Bottom line: how could I be absolutely sure that anything I did for God in my life wasn’t an effort to justify myself? This threw cold water on any attempts to love God and kept me in constant doubt and turmoil.

Consequently, I doubted my salvation. Not only that, there were sins in my life that I just couldn’t overcome. Here is what I believe led to my depression: fear of condemnation, AND being under law. That’s where it began, and then some of the other factors we have discussed tonight all joined in resulting in a colossal downward spiral. If you doubt your salvation, your hope is greatly diminished. A basic fear of condemnation and judgment, I have come to believe, prefaces the massive list of phobias that exist in our society. The Bible states that fear and death go hand in hand, and the terror of death is defined by the fear of judgment that follows [Hebrews 2:15].

Moreover, a single perspective on law leading to a mentality verbalized to me just the other day, “sin is sin,” leads to slavery to sin because you are still under law and provoked by it leading to even more fear of condemnation [Romans 7:1-11]. I believe my former depression was the result of my defective understanding of law and gospel and justification specifically.

The Bible states that mature love casts out fear, but this does not speak of acts of love per se [acts of love however do bring peace and joy], but a state of being. Working out our love to the point of maturity is the antithesis of being under law and its condemnation—condemnation is impossible, and all that is left is the wages of life as opposed to the wages of death. We are under grace where love fulfills the whole law. If we still need the gospel, that means we still need salvation from the law’s condemnation. In fact, Calvin and Luther both stated that fear of condemnation is the catalyst for sanctification—they plainly said it! Hence, more depression should be expected in the church than anywhere else! [See the booklet, “It’s Not About Election” @ tancpublishing.com].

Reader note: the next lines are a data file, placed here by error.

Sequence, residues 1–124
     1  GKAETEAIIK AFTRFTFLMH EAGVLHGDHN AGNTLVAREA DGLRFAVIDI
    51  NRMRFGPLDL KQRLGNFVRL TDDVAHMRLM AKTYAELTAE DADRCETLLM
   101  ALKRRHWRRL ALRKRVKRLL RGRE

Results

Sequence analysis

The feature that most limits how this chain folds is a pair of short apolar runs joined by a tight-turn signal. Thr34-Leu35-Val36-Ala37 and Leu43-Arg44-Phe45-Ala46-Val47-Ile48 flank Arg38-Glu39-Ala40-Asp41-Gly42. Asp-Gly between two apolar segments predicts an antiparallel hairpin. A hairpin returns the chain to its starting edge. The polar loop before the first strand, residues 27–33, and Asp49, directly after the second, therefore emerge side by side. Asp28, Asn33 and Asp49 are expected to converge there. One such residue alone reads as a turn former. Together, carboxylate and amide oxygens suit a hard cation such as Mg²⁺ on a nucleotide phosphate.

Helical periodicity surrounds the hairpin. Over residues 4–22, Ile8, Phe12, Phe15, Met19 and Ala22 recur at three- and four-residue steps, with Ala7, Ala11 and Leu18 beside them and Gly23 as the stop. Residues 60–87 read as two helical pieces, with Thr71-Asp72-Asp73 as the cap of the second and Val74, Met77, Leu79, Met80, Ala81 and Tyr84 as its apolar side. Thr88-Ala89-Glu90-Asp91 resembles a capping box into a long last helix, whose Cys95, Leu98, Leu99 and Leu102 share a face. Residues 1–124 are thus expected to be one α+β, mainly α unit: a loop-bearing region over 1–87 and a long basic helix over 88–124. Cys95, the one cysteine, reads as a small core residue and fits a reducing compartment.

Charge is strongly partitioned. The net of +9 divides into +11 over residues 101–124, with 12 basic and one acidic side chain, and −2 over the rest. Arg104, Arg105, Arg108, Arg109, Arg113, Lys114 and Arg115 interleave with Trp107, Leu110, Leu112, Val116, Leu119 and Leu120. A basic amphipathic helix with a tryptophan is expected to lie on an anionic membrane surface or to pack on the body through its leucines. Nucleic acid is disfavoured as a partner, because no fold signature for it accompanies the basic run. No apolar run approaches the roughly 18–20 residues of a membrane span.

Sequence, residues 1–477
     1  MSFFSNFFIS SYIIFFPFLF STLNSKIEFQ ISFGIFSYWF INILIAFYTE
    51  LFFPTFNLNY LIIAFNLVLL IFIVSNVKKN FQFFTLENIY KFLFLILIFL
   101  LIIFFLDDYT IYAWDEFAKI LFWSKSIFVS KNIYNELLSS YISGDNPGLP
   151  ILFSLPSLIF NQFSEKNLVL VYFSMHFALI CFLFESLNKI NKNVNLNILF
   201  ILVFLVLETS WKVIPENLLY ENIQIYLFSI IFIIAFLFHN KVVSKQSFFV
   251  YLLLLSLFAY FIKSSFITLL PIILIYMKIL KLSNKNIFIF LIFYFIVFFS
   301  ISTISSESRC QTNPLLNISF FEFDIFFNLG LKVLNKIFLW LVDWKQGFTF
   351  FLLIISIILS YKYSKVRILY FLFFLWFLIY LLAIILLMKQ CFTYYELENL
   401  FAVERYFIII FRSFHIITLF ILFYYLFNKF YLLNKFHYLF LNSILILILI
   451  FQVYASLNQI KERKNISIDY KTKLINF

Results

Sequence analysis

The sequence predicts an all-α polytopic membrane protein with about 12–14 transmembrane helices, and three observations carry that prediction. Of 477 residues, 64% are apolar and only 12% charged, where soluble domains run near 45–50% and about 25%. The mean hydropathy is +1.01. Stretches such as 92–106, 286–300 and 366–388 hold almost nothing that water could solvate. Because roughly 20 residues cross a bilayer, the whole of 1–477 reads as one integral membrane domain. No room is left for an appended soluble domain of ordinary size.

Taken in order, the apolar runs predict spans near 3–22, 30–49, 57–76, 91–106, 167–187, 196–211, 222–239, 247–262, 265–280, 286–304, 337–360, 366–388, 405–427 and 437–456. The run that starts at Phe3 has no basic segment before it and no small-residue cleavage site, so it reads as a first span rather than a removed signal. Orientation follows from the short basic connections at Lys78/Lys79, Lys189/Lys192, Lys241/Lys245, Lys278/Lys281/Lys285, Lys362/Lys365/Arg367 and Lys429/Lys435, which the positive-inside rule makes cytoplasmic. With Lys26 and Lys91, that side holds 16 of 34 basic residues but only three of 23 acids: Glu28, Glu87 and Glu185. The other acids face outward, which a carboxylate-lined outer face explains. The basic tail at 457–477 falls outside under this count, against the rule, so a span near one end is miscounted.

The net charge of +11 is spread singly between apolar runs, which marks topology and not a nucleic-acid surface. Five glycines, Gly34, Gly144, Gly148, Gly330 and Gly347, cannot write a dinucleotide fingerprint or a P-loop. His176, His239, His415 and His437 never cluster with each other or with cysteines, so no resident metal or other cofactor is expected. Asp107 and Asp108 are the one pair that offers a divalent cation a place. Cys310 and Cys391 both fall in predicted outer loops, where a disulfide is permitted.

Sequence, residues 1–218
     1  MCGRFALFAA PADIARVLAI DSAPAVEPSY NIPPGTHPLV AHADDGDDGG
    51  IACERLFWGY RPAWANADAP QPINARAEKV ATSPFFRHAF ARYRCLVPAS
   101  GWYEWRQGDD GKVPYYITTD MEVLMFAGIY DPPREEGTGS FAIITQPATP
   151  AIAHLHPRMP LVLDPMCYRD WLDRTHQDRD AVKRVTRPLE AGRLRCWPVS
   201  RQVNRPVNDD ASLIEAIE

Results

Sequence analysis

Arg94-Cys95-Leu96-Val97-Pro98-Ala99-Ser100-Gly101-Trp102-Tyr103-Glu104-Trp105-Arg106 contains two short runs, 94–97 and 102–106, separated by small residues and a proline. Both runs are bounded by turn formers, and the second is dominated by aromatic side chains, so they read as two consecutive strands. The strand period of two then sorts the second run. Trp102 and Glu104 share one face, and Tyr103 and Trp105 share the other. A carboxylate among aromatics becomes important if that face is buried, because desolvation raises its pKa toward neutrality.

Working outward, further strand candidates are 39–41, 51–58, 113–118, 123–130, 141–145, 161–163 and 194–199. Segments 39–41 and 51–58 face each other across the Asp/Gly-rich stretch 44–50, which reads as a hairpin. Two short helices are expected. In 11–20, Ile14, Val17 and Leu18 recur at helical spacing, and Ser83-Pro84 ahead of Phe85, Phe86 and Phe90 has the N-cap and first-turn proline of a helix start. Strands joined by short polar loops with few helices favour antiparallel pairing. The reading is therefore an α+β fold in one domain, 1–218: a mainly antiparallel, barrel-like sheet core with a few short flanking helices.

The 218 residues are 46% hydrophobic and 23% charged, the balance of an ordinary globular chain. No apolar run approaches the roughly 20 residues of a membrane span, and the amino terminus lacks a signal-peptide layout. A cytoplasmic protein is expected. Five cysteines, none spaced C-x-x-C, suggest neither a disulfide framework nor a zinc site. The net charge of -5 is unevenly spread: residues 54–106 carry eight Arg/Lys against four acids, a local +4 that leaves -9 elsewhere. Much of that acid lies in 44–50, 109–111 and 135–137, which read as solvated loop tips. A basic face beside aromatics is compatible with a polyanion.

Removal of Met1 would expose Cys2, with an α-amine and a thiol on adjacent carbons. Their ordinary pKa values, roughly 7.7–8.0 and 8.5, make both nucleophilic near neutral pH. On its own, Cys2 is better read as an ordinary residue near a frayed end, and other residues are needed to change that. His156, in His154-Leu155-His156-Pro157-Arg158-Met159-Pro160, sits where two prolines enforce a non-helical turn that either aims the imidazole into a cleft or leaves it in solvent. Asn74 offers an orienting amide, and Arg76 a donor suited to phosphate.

Fear is a really really big deal, and is more times than not a perquisite to depression. Please note the following from the Anxiety and Depression Association of America:

A1F.jpgA2FF.jpgA3FA4F[Note that fear/anxiety is associated with almost every mental illness that there is.]

I have come to believe that helping people with the deepest needs of life begins with a biblically accurate view of justification and its relationship to sanctification. This is where it begins, let’s go to the phones.

No, I Did Not Sin!

Posted in The New Birth by Andy Young, PPT contributing editor on December 23, 2015

“Did you sin today?”

We hear this one a lot. What do you say to that?
As a believer, this is what I say:

“No, actually I didn’t!”

Not only does it really torque them off, but it is a metaphysical truth! As far as my justification is concerned, not only did I not sin, but I CANNOT sin! My justification made my old man dead to the law, and there is now no law to condemn me. That was John’s point in 1 John 3:9,

“Whosoever is born of God DOTH NOT COMMIT SIN; for his seed remaineth in him: and he CANNOT sin, because he is born of God.”

Once we are on the other side of justification, any “sin” we may commit is really just a failure to show love. It is failing to use the law to show love to God and others. This DOES NOT CONDEMN (Romans 8:1), but it does welcome God’s chastisement as a father would correct an erring child.

But this is what happens when the religious establishment fails to make that distinction: EVERY sin becomes a condemning sin requiring some perpetual reapplication of Jesus’ “atonement” and obedience to the law (progressive justification). Is there any wonder then why “Christians” live in constant fear of not having assurance of salvation?!

Andy

The Protestant Twisting of 1John, Part 4 – A Clarification: Gospel and Obedience

Posted in Uncategorized by pptmoderator on September 16, 2015

Blog Radio LogoOriginally published April 20, 2015

Listen to audio or download audio file. 

Welcome to Blogtalk Radio False Reformation this is your host Paul M. Dohse Sr. Tonight, part 4 of “The Protestant Twisting of 1John: A Clarification.” If you would like to add to our lesson or ask a question, call (347) 855-8317. Remember to turn your PC volume down to prevent feedback. Per the usual, we will check in with Susan towards the end of the show and listen to her perspective.